LEGAL AID PROVISION

“Even today a person of moderate means may be outside the

legal aid scheme,and not be able to take his case higher:

especially with the risk of failure attaching to it.”

—Lord Denning, Master of the Rolls (House of Lords decision; note 1)—

The Legal Aid, Sentencing and Punishment of Offenders Act 2012 sets out the areas of law covered by legal aid.

If the area of law is covered, eligibility is determined by means testing. To qualify, a litigant and his/her partner must have a combined income lower than £31,884 p.a., and combined savings of under £8,000. This makes quite a broad provision for single people, but is heavily biased against a litigant who happens to have a partner, in that their average income must be lower than £15,942 each, and their average savings less than £4,000 each.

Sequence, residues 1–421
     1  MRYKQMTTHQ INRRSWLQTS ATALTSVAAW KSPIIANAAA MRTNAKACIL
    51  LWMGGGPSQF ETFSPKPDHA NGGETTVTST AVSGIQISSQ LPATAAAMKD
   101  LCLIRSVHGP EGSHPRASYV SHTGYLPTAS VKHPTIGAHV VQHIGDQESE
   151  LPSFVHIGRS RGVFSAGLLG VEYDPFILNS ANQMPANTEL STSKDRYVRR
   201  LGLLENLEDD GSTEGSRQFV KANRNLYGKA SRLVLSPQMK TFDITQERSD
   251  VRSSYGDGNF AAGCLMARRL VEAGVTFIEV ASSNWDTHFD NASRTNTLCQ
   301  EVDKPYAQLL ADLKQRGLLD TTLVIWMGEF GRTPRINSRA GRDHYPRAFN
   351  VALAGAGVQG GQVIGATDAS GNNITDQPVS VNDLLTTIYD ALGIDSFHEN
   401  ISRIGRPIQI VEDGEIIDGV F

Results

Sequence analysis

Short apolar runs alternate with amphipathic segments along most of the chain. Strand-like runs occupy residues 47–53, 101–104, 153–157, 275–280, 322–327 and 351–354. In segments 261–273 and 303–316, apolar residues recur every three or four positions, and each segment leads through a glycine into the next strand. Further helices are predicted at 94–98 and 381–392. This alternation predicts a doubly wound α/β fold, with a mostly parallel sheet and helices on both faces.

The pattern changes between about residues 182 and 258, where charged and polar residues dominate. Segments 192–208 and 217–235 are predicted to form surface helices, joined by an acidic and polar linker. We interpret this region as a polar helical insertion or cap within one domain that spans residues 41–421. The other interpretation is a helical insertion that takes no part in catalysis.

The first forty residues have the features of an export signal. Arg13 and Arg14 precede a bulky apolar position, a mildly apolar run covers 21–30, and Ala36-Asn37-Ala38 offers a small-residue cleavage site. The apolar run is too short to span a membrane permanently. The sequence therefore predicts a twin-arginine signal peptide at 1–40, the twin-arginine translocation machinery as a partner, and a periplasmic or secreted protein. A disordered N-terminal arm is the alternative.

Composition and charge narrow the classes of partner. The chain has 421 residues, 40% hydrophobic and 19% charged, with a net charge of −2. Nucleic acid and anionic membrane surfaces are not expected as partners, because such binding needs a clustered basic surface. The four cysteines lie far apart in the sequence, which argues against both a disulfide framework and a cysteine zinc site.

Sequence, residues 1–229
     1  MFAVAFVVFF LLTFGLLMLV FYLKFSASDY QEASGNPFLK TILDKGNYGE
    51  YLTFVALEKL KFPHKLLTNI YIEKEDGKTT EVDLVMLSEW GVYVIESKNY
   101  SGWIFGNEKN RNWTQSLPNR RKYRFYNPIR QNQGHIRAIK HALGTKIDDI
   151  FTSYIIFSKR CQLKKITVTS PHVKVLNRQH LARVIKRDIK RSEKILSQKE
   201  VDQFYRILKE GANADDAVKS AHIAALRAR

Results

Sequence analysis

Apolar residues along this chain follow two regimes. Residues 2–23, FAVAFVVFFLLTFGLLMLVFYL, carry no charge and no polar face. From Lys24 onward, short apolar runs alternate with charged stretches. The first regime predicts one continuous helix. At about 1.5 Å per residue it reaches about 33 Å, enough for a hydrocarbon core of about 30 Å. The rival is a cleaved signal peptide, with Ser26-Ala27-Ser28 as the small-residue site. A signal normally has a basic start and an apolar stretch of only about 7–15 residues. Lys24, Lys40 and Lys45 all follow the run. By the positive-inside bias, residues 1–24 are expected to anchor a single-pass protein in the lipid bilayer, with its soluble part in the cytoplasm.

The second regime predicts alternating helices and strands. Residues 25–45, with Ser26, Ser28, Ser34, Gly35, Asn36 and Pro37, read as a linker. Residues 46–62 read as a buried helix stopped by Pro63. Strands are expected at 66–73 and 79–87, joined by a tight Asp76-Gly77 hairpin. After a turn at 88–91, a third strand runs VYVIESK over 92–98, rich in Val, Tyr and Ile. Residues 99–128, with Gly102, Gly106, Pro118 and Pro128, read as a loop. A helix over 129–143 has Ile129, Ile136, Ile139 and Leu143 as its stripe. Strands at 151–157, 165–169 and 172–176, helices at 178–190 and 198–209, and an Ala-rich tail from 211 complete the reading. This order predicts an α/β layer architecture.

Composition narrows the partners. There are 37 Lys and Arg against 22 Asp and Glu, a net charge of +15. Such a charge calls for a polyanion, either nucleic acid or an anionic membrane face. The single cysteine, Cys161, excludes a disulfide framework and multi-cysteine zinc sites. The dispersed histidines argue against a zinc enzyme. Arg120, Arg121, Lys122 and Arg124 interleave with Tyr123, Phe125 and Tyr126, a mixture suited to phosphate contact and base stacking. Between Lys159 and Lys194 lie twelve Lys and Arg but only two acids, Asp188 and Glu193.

Housing cases—Although there is provision for legal aid, the means testing applies. This makes legal aid provision problematic if, for example, a working couple faces a possession notice or eviction.

Employment cases—In the employment scenario, there is no provision for legal aid (unless in a discrimination case, for example) and many people will have no representation from a union.

Unable to fund a law firm, today’s legal aid provision leaves a great many people out in the cold. However, Lifeline Legal™ could be your answer.

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Note 1:  The case of Davis v Johnson [1979] AC 264 HL

 

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